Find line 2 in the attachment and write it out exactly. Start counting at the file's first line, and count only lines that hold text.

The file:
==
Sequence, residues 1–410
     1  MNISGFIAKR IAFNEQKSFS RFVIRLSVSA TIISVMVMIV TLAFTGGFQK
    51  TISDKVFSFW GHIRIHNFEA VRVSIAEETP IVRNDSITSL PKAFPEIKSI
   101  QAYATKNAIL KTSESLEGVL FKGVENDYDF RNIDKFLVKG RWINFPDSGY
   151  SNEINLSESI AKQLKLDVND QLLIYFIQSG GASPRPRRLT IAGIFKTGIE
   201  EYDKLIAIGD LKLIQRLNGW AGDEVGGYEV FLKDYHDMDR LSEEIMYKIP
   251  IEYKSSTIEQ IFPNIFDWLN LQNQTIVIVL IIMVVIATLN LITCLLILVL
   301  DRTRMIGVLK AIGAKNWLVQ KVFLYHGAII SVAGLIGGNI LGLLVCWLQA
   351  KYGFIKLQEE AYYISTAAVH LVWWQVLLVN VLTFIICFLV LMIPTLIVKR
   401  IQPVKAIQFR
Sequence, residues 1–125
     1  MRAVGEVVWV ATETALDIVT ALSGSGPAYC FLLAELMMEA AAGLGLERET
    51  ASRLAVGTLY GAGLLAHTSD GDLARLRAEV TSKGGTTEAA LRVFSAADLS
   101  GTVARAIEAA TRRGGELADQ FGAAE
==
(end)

     1  MNISGFIAKR IAFNEQKSFS RFVIRLSVSA TIISVMVMIV TLAFTGGFQK